“On Ringo Lake” Finish

I’m happy to report today that I’ve finally finished Bonnie Hunter’s 2017 mystery quilt, “On Ringo Lake”!


It took me forever to get those chevron pieces for the sashing completed.



And then I laid the entire quilt out to make sure everything was going the right way.


Then I started the long process of putting it together row by row.  I was able to get half of it together the week before Thanksgiving but then I had to move everything back up to my sewing room.  That slowed me down a little.

Putting the rest of it together took another week.


I see that Bonnie is well into her 2018 mystery quilt but I’m not sure if I’m going to jump right in!


Travel memories made into a Quilt

I’m back at my sewing machine after spending some time off to travel.  One of my trips this fall was to Seattle to visit my daughter and I had a wonderful time.

This was my first trip to Seattle and really, to the Pacific Northwest part of the US.  We lived in California for a while but I never got farther north than San Francisco.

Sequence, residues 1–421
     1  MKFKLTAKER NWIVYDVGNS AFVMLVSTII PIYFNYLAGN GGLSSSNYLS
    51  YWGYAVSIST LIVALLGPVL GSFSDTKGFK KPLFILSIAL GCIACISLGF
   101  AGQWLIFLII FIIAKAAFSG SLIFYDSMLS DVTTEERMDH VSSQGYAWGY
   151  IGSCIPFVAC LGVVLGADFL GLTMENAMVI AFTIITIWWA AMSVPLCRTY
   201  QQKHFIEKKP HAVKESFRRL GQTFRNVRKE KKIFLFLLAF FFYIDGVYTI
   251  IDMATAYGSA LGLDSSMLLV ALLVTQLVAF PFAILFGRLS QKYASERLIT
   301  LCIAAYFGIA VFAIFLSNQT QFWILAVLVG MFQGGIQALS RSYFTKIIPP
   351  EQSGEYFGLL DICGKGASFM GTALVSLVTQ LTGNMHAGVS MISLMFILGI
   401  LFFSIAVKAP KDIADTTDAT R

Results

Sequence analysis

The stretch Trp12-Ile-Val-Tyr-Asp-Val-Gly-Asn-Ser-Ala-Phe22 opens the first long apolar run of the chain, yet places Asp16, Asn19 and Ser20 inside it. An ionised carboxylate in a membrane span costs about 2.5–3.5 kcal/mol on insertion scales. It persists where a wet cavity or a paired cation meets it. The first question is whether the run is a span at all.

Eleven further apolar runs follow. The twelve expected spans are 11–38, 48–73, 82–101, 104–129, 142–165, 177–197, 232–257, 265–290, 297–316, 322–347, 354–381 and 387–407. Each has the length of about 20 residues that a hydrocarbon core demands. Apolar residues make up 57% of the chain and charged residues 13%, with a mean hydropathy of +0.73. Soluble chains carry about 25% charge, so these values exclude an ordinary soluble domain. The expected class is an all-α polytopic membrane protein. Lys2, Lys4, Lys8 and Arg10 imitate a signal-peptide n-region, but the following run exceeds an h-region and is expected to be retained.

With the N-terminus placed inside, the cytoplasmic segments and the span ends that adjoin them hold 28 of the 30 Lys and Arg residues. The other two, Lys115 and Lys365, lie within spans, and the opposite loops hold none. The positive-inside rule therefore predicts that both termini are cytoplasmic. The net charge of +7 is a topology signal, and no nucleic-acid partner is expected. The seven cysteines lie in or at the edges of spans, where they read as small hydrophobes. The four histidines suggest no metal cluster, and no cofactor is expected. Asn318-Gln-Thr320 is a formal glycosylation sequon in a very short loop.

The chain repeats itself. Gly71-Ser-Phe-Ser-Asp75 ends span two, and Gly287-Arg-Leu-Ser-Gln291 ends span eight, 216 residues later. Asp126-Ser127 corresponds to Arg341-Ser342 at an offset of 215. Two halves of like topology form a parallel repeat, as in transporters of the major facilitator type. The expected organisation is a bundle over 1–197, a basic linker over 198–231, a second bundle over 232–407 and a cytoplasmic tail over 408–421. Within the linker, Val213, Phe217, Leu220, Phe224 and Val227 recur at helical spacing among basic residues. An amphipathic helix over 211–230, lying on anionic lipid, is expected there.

Since my daughter is going to school in Seattle, I had plenty of time to sight-see while she was in classes during the day.  And you guessed it – part of my sight-seeing is visiting quilt shops!

I got to visit 3 quilt shops in the Seattle area!

Our Fabric Stash is a consignment fabric shop right in Pike Place Market.  I love the idea of selling your unwanted fabrics on consignment.  I bought a fat quarter of fabric and a bag of scrappy 2-inch squares that have inspired me to perhaps make a checkerboard quilt next year (I’ve dubbed 2019 “The year of the scrap quilt” to get rid of my scraps but I’ll tell you more about that later.)